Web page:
If Steeves can convert on a career as a junior and NCAA player, where he’s usually been one of the best players on his team, to an NHL career as a role player, he’ll need to stop zipping around with NRob and start really working the PK minutes. We should likely expect that to be how he begins this AHL season. It’s worth noting that most successful depth NHLers did used to be the top player on their teams, and were often centres who converted to utility wingers. Steeves’ biggest competition for an NHL job this year is Pontus Holmberg or Joey Anderson, not Nick Robertson, and it’s possible he can best those players at their strengths, whereas he’s never outshooting Robertson.
We may have overcorrected from our mistaken voting last season. We might be seeing the Marchment effect in action here, where we don’t want to discover we’ve really misidentified someone in a few months. Steeves and Voit over 3.5 ranking points higher than number 14, William Villeneuve, so the number 12s are the official list’s big line between the real rankings and everyone else.
Alex Steeves Votes
|Josh - Smaht Scouting||13|
|The Decline and Fall of the Roman Polak||12|
|Spread in Votes||7|
Everyone voted for Steeves, and everyone had him in their “bottom of the potential impact players” range, which does seem like a sensible view of him. His rocket up the rankings has been partly driven by the overall decline in value of the Leafs U25 cadre as the top players age out and few high draft picks are added in. We didn’t get absolutely carried away.
Take a minute and imagine the roller coaster of emotions we’d have experienced over Steeves if he’d been drafted in 2018. It’s entirely possible we’d only be coming around now to thinking he might be a good depth forward. He was ranked 86th on the NHL SC list of North American skaters four places below Semyon Der-Arguchintsev his first year. He easily could have been that Leafs pick.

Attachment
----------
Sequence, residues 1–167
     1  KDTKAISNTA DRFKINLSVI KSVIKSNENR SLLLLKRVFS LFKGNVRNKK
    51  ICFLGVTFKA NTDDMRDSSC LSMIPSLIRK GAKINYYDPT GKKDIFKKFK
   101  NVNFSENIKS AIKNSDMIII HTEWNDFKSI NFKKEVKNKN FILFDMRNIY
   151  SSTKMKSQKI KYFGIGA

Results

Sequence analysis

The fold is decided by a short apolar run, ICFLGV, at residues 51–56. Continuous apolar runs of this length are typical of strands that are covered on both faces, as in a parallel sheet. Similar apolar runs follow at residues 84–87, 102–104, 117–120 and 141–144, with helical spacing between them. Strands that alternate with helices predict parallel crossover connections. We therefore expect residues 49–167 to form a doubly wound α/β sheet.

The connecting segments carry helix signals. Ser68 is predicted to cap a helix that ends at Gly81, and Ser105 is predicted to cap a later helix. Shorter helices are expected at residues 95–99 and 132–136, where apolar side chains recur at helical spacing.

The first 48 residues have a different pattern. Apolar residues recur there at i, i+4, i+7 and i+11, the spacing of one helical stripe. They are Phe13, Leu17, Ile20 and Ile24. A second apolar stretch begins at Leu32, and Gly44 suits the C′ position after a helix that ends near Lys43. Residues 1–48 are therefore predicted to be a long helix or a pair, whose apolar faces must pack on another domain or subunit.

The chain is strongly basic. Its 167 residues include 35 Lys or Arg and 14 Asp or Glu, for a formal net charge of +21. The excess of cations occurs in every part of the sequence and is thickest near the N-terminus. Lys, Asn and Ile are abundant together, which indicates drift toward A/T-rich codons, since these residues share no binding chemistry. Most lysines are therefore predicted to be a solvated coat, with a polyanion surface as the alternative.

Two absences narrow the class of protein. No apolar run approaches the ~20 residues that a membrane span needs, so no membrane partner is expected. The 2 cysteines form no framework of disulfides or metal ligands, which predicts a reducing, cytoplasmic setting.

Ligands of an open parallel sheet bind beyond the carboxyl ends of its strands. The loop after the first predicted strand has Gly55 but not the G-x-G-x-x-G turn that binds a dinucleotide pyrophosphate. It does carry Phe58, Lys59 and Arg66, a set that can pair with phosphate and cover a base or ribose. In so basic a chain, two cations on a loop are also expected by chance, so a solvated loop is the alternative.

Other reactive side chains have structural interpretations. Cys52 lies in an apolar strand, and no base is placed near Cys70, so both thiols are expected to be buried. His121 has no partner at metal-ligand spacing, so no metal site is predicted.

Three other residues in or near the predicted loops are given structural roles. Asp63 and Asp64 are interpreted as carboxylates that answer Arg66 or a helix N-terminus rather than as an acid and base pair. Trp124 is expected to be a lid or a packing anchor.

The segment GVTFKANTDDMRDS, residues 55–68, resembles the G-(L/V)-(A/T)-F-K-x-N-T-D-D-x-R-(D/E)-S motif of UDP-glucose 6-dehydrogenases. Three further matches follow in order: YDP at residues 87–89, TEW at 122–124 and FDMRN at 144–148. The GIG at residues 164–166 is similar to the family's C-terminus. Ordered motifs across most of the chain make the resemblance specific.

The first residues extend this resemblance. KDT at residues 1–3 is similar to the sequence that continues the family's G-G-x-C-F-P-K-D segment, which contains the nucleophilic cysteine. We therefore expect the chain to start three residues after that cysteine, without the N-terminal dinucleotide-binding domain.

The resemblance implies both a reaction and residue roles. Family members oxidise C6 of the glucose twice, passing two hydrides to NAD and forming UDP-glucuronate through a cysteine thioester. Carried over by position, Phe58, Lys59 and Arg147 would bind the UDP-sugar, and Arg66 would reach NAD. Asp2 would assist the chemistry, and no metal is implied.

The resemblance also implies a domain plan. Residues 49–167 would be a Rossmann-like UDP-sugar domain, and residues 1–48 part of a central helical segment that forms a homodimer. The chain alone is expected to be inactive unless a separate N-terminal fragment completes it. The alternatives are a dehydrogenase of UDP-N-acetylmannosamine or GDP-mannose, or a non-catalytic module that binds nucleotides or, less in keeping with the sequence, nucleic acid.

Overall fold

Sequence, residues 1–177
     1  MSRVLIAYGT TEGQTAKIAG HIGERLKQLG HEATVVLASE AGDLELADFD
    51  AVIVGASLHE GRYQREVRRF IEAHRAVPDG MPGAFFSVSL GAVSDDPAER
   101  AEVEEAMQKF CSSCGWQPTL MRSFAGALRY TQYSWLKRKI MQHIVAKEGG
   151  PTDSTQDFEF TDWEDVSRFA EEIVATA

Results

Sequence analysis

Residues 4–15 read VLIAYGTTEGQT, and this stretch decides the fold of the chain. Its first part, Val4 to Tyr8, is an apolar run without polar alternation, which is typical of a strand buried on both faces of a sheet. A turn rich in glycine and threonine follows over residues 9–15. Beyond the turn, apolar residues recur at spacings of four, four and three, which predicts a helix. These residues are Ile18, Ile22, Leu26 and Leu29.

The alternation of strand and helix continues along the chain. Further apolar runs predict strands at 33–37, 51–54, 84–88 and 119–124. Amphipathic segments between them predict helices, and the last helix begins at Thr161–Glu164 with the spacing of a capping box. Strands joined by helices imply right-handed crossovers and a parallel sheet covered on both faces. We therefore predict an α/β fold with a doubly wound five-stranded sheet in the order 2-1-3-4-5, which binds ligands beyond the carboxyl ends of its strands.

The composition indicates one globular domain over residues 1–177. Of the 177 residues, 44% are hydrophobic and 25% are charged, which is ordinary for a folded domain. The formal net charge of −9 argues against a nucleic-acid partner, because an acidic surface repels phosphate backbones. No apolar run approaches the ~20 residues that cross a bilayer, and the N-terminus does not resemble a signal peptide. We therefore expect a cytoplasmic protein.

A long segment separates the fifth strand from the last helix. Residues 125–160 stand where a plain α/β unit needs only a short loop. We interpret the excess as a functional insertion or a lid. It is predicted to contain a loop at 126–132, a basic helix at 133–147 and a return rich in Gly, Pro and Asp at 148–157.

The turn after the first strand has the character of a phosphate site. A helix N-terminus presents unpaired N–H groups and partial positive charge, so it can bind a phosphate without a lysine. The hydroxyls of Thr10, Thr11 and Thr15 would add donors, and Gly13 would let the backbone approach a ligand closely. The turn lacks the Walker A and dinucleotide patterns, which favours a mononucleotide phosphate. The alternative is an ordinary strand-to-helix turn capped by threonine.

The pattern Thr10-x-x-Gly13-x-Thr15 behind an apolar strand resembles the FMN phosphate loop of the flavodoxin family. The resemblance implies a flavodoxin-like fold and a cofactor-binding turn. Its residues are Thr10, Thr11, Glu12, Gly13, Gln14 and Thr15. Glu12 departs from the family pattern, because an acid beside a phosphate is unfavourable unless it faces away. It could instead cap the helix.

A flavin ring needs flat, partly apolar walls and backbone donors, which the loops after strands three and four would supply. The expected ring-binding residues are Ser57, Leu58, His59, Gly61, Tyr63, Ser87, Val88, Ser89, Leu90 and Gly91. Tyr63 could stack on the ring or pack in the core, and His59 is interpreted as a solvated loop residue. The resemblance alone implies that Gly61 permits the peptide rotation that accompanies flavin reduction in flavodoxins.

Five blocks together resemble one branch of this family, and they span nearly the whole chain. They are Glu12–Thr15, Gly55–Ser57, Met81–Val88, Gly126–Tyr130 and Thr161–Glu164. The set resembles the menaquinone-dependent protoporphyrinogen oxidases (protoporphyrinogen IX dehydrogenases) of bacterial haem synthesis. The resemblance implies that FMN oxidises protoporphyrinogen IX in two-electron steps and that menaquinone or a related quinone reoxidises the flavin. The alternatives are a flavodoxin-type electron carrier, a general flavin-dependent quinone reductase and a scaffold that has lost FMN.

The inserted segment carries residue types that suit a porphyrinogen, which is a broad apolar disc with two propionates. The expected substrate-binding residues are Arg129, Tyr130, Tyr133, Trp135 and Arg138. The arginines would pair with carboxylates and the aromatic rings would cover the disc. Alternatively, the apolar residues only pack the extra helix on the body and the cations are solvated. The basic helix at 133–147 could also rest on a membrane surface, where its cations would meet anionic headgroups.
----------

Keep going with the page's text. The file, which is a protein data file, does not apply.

dhammm: Alex Steeves is a likable prospect: great speed, the Leafs’ staff evidently believes in him, and he carried over his scoring touch from his last season in NCAA to his first season in the AHL. Despite his adequate seeming production at the pro level in his D+4 year, several NCAA players have walked this path before and not made it in the NHL, but I am choosing to be optimistic. Based on his first pro season, I think he has a future as fast forward depth. What more could I have asked for from an unsigned NCAA prospect otherwise?
Brigstew: I think he can play a serviceable fourth line guy filling in for injuries if needed. Not sure about being better than that, but he’s fun in the AHL.
TomK421: Steeves is in the borderline 4th liner, AAAA guy tier for me and I hate ranking these guys. I’m sure he’d be fine but I don’t get excited for “fine”. It would be nice if he could show me up and win a job in camp though as we really need to have some waivable depth forwards this year.
Hardev: Believe it or not, but Steeves played behind SDA for most of the season on the Marlies. SDA was pretty much consistently a top-six centre, whereas Steeves played a checking role in the middle six at centre and on the wing, and earned a few NHL games for his effort. This is actually a pretty bad comparison because if SDA is an apple (get it, assists) then Steeves is an orange: A direct forward with speed and tenacity. The style of hockey Steeves plays can get one into the NHL quickly, as shown by his example. He will be a competitor for a fourth line/injury replacement job alongside Abruzzese, Holmberg, and Robertson. It’s just hard to be so good that the team is willing to put someone on waivers for you in camp.
Is Steeves going to make it?
|For a cup of coffee, sure||130|
|He’ll play more games than Freddie Gauthier||231|
|He’ll have one good year at 26 and some other team will sign him as a free agent||133|
|He’s the future captain of the Marlies||22|
|I’m an optimist, he’s going to play for the Leafs for 10 years||50|